True, not likely to be more than 10% filters shipped with defective membranes due to original manufacturing defects or secondary manufacturing damage/defects. But, some things to consider are, if the new product manufacturing process has issues to begin with, and we are what, a few years into the life cycle -- time will tell as to durability; i.e. drop/vibration damage to fibers, system pressure damage potential, and other systemic damage.

Bottom line, if you are purchasing a water filter for field use (back country, emergency, military) and want to count on it, then just know that if there were 10% failed units that you are choosing from, do you care?

Or better yet, how can you be sure the filter does it's job even if it has a new product defect or subsequent use damage? Use a purifier solution maybe?

From my original post, I was quite clear to say that we are talking a percentage of defects in original manufacturing processes, not "most" or "all" or even "majority". But, if filter claims are EPA guide standard of 99.9999 protoza and bacteria, are you planning on factoring that with a probability calculation of known failures? What does 99.9999% become then for a failed filter? ZERO% efficacy.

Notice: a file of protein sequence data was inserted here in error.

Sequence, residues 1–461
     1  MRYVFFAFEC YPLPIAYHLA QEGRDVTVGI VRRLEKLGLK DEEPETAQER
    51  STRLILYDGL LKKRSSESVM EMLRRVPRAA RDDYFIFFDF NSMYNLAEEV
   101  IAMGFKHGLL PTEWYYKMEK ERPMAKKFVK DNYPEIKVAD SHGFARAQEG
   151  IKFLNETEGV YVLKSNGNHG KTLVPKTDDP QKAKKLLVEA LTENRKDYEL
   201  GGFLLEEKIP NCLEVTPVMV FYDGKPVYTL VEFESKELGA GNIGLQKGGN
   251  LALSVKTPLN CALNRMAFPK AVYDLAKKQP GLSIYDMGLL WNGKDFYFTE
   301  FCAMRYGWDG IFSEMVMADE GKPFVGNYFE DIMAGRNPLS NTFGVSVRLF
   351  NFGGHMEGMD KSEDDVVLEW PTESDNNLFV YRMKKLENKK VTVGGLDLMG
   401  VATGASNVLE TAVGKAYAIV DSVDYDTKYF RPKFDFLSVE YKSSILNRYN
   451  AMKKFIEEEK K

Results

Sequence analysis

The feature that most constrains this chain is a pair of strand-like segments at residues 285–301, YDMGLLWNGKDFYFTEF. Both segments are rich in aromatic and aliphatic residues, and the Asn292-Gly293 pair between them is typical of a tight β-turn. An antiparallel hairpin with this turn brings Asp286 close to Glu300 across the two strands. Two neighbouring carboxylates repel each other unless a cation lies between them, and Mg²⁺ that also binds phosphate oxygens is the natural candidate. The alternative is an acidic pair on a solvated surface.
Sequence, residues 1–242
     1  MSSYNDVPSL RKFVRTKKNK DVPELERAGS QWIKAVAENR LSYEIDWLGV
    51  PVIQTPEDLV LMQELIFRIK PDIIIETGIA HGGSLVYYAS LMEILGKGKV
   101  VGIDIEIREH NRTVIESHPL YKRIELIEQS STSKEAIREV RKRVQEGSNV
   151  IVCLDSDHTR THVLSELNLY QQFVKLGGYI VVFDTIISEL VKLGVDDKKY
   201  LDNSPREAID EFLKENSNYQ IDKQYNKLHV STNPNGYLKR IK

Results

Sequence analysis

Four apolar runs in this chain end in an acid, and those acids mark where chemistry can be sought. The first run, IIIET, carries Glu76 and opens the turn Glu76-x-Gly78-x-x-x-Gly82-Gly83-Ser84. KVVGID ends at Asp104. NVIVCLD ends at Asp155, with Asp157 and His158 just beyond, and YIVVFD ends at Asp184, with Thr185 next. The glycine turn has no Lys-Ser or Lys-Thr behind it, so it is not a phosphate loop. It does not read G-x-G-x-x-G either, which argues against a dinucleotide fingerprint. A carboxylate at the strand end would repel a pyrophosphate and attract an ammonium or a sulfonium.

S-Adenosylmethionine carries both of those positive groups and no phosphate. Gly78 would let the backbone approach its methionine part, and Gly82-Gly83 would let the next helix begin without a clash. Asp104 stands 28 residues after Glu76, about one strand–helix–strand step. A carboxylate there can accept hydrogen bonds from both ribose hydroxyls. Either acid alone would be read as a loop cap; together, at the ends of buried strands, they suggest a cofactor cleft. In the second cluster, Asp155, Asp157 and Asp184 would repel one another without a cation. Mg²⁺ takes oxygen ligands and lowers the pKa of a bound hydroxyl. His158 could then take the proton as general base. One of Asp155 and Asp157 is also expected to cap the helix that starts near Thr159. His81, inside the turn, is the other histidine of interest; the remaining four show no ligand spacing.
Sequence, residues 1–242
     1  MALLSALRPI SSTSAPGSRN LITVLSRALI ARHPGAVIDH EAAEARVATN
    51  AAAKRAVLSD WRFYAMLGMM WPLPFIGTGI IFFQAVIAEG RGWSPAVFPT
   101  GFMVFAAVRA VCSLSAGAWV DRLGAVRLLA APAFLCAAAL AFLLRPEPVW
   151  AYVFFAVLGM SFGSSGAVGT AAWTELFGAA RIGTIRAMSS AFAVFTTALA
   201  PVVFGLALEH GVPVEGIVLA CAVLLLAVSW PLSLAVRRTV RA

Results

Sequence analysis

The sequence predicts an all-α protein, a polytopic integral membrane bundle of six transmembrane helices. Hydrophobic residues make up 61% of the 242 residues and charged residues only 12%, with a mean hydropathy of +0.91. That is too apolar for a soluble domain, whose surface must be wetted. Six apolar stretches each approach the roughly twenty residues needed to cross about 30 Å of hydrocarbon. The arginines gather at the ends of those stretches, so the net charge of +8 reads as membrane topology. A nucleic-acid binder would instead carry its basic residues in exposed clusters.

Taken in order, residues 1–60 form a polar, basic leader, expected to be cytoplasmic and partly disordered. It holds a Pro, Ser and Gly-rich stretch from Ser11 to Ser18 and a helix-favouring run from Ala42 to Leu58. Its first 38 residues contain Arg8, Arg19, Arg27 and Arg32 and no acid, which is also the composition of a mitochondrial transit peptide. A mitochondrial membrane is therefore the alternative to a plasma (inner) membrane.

Good newz is there should be at least 90% good potentially!

Dean F.
(acrosome) - MLife

Locale: Back in the Front Range
bob on 08/05/2009 05:00:03 MDT Print View

I'm actually glad you responded, "bob". It restores my faith in humanity...

Plus, I think we all have a MUCH better idea about what you were trying to say. Your original post was a tad hard to follow.

But defining yourself as an "industry insider", and then trying to cast doubt on the rest of us by implying that we all work for Sawyer (or whomever) is a bit irrational. Obviousy, by your own admission, YOU are the one working in the water purification industry. For all we know you work for Aquamira!

All that said, if you really can shed some light on this supposed 10% failure rate of microfiber filters BELEIVE ME all of us here want to hear about it. Does anyone disagree?